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As mentioned earlier, the cockpit is not accurate; it is represented by a half-tube or tub.  The seat is ok and the control column is right.  The instrument panel is just a half-circle disk, so I used a printed panel glued on.  With some masking tape seat belts and the canopy closed up, it will all look okay.  My other one will get a proper cockpit, either scratched or aftermarket.

I like the prop assembly on this kit.  It’s easy to paint, and although the blades are separate it assembles easily and looks the part when done.  

To correct the kit to make the FR Mk XIVe, one must do the following:
  • Scratch a boat antenna;
  • Use 3 spoke wheels;
  • Create camera ports both port and starboard;
  • Use the short span wingtips;
  • Add a whip antenna;
  • Correct the retractable tail wheel, with doors.

An additional feature that I’ve yet to determine is whether it should have round or fishtail exhausts.  Since I could not find a photo showing round, I used the kit exhausts.  My subject is post-war and many post-war machines were retrofitted with round exhausts.  

Boat Antenna
Unfortunately I’ve not been able to find a good drawing or photo of this antenna.  I’m the only one in my local area who knows it’s supposed to have one, so I decided to ignore it for now.  Eventually I’ll figure out what they look like, correct the model and post updated photos here.

3 Spoke Wheels
I believe all Mk XIVe had these due to the required capability for carriage of bombs.  The few photos I’ve got show them.  Unfortunately the kit has 4 spoke wheels.  I did not have any 3 spoke wheels in my spares box, so I stuck with the kit wheels.

Camera Ports
Unlike the PR XIX, which has a camera port on the left side, and 2 underneath, the FR XIVe has a port on both sides, opposite each other.  Since the kit has all 4 ports marked, it was easy to drill them out using a 1/16th in bit, which looked the right size by eye.  I then filled them with Microscale Micro Krystal Klear.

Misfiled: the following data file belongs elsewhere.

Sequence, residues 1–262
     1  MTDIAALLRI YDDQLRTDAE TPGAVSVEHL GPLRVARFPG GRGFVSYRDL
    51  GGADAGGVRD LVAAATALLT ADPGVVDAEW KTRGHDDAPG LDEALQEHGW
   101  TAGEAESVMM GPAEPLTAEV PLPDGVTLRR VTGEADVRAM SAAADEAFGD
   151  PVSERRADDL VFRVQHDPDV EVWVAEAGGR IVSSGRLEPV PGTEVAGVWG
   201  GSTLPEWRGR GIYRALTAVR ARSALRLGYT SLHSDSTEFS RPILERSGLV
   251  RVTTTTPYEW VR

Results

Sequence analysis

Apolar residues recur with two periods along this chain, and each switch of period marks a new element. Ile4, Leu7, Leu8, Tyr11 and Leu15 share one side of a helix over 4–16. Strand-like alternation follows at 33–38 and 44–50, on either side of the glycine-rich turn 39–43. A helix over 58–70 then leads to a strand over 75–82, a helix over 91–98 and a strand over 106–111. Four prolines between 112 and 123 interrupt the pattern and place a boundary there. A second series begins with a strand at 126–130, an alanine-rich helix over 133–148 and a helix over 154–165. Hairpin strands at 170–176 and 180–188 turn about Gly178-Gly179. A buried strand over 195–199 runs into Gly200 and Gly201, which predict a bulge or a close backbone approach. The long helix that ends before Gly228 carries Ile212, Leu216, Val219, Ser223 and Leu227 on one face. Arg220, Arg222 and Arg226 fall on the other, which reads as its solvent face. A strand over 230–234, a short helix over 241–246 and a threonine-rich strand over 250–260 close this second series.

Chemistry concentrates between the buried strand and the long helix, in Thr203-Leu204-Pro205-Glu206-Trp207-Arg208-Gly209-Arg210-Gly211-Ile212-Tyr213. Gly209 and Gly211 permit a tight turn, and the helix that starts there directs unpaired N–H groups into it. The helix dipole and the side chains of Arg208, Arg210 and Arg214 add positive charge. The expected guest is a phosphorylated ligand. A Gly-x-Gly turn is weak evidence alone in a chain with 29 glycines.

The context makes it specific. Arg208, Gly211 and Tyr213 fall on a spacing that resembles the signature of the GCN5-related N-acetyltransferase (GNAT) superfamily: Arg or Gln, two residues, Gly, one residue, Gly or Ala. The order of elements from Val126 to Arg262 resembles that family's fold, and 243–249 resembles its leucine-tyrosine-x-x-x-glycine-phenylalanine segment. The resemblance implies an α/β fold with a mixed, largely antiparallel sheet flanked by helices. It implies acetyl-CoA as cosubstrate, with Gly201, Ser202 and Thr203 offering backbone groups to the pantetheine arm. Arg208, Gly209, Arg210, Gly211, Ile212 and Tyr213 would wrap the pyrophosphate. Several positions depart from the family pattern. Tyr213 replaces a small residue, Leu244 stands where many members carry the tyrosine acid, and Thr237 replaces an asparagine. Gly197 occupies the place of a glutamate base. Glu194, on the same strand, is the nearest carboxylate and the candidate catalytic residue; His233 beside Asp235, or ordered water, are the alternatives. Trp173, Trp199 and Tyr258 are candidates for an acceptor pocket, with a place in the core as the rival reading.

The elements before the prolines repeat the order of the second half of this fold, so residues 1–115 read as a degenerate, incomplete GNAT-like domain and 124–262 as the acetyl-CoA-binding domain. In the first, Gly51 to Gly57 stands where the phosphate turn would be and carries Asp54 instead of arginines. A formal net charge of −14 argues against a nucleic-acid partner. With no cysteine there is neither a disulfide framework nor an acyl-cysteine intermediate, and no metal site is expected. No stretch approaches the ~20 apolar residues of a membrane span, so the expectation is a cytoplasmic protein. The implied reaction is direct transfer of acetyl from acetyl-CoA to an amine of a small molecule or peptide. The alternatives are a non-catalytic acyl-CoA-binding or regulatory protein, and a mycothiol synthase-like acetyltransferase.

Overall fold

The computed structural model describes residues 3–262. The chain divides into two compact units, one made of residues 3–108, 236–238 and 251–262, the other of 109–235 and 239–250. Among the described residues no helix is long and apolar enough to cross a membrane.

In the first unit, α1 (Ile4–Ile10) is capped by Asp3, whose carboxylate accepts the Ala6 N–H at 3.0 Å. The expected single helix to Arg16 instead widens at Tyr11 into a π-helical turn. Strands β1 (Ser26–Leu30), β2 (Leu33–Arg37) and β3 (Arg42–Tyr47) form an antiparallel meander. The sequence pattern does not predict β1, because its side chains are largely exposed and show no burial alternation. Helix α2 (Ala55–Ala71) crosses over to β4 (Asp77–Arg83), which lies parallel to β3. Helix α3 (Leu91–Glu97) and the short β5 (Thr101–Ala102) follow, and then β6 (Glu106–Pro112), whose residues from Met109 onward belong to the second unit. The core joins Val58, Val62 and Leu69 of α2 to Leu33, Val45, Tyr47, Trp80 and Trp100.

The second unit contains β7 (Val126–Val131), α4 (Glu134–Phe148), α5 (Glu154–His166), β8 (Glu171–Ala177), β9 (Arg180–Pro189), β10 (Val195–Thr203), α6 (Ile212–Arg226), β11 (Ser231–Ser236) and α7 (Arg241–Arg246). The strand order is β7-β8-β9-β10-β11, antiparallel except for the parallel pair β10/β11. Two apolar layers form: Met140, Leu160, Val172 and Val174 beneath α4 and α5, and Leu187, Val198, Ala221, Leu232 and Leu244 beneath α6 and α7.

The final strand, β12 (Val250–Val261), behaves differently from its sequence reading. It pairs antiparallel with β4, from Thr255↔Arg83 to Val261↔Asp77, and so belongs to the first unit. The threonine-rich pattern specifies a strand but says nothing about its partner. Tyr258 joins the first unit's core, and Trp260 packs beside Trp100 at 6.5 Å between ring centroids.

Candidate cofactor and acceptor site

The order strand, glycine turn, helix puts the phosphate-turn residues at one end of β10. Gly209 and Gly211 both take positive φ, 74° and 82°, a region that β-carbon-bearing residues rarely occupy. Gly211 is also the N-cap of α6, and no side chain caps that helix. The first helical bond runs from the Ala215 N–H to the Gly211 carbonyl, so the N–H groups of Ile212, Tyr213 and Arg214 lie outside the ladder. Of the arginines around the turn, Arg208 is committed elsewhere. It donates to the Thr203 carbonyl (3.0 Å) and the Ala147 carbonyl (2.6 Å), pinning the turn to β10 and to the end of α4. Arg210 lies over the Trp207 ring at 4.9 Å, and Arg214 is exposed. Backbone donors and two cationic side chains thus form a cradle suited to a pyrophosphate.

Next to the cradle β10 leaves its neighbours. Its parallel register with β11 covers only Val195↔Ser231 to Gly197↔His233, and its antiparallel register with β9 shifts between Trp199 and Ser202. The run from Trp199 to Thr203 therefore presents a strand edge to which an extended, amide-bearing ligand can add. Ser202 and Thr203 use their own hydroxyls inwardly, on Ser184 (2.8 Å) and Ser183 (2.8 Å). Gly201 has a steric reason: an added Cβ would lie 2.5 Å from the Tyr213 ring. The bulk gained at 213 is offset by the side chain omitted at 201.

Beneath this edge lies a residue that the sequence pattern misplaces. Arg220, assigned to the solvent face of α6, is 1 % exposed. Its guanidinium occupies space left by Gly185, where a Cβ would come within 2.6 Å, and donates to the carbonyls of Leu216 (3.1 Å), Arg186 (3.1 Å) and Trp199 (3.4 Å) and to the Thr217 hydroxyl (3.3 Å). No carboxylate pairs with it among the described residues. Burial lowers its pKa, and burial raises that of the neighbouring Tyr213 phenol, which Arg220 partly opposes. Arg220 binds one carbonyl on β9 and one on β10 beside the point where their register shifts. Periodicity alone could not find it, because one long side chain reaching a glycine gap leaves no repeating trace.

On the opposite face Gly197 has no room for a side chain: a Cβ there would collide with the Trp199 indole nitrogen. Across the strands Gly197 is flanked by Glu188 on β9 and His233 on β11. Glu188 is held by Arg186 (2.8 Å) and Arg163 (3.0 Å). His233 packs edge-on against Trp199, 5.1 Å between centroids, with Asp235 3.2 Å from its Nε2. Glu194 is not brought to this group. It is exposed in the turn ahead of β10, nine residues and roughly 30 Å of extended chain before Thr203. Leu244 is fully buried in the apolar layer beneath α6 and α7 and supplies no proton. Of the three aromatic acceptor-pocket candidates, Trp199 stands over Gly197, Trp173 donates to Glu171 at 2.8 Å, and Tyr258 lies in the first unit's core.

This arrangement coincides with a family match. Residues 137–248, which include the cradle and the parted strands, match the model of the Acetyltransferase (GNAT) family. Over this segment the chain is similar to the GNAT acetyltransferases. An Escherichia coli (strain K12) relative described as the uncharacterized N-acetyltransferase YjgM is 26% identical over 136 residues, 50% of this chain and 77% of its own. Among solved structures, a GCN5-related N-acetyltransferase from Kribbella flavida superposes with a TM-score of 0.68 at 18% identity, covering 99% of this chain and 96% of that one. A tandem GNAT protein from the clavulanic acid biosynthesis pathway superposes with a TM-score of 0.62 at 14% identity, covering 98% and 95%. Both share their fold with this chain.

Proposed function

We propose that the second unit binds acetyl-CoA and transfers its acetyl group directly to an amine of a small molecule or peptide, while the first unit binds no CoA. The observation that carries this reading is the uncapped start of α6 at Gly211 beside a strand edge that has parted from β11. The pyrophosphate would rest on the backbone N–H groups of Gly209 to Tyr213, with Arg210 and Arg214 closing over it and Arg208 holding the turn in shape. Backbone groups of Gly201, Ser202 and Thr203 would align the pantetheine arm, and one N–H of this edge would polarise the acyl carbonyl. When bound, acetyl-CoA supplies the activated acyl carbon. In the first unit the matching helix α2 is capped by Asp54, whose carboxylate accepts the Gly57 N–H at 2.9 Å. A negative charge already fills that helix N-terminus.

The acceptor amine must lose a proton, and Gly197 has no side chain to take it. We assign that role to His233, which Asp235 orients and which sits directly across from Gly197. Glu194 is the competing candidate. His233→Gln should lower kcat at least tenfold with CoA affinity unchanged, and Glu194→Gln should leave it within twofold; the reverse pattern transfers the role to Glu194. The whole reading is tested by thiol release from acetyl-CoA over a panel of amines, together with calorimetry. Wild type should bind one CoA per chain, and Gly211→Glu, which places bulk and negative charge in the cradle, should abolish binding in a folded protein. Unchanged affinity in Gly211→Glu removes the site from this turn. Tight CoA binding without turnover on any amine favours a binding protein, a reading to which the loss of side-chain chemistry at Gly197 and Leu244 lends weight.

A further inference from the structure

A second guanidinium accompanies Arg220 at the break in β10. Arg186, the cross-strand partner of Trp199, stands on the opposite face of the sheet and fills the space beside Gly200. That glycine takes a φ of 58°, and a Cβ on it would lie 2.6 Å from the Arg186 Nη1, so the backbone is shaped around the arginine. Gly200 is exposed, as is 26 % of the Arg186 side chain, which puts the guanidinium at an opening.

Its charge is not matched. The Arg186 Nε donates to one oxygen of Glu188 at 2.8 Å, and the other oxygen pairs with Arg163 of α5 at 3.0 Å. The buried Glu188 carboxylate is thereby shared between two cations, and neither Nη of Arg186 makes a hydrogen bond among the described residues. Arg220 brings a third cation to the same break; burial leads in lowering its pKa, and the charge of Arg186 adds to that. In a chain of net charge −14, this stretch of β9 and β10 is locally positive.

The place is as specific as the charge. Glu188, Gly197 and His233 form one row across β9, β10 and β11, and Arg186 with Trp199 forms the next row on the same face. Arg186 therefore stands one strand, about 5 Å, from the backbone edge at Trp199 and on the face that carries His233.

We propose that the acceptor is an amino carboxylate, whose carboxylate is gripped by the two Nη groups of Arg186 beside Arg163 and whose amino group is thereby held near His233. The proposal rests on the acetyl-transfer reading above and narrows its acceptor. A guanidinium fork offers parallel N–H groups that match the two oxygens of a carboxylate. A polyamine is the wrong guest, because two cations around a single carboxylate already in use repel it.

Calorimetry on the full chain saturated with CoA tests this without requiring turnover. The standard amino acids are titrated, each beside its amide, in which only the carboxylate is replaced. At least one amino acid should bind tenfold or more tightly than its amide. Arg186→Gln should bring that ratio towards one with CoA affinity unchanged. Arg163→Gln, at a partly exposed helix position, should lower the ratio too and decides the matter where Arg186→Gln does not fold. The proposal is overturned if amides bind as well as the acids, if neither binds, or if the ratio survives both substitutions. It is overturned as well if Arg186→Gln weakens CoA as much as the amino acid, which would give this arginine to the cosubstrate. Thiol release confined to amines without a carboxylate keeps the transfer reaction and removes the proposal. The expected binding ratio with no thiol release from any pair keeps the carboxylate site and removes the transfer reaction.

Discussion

Short Span Wings
My references indicate the Mk XIV wings had a tendency to wrinkle under use.  So eventually all were required to have the short span wings to lessen the stresses on them.  Easy enough as the kit offers this option.

Whip Antenna
Most photos don’t seem to show an antenna for the rear view configured Spitfires.  It’s there, but is a short whip antenna installed about 3 scale inches aft of frame 18 and slightly to the right of the centerline of the fuselage.  Frame 18 is the one behind the aft camera that faces downward.  I used invisible thread, about 12 scale inches long.

Tail Wheel & Doors
As mentioned before, Fujimi molded the doors closed and provided the tailwheel as a fixed unit; used by some operational aircraft post-war and a typical modification of modern Griffon powered Spitfires (Rudy Frasca’s Mk 18 is configured with the tailwheel fixed down).  I carefully cut the doors out, then with some judicious sanding was able to use them on the kit.  I cut a piece of sprue and fitted into the hole for the tail wheel to fit.  

For decals I went to my spares; 36 inch national marking III in all six positions plus the 24 inch square fin flash marking (i).  If / when I get some Sky letters I’ll add the fuselage code letter “F”.

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Thanks for looking.